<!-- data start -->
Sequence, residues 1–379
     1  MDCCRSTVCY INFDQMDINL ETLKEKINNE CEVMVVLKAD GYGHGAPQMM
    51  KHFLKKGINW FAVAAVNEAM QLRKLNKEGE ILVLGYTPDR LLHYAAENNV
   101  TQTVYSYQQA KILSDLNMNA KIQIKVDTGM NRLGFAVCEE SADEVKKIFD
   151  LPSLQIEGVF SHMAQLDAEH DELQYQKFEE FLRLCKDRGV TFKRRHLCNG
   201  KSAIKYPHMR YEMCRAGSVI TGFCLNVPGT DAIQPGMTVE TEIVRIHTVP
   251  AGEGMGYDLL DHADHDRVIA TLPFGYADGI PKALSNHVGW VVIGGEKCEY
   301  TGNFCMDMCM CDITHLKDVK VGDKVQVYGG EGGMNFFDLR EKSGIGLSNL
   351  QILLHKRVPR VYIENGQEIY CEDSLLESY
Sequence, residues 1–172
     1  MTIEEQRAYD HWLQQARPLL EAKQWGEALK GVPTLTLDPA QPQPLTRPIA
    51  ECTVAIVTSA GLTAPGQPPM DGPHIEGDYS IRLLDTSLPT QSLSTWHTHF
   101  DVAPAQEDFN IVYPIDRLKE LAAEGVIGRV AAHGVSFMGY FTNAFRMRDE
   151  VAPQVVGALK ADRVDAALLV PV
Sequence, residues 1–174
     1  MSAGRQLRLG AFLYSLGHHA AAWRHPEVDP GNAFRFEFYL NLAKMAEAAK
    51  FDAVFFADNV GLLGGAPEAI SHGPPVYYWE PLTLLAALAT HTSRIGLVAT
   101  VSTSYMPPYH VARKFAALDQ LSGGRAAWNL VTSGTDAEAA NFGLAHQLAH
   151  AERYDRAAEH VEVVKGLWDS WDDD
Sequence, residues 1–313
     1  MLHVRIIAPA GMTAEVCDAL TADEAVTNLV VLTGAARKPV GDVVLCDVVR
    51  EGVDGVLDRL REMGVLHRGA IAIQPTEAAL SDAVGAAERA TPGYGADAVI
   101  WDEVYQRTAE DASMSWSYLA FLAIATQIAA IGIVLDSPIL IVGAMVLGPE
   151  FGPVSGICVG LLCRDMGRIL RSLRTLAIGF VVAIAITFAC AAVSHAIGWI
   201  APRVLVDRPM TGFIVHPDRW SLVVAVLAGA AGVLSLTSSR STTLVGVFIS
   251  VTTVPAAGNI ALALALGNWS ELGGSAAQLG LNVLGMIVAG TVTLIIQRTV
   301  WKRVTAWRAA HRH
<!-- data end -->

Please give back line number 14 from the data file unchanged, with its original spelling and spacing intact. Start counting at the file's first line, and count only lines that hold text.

   151  VAPQVVGALK ADRVDAALLV PV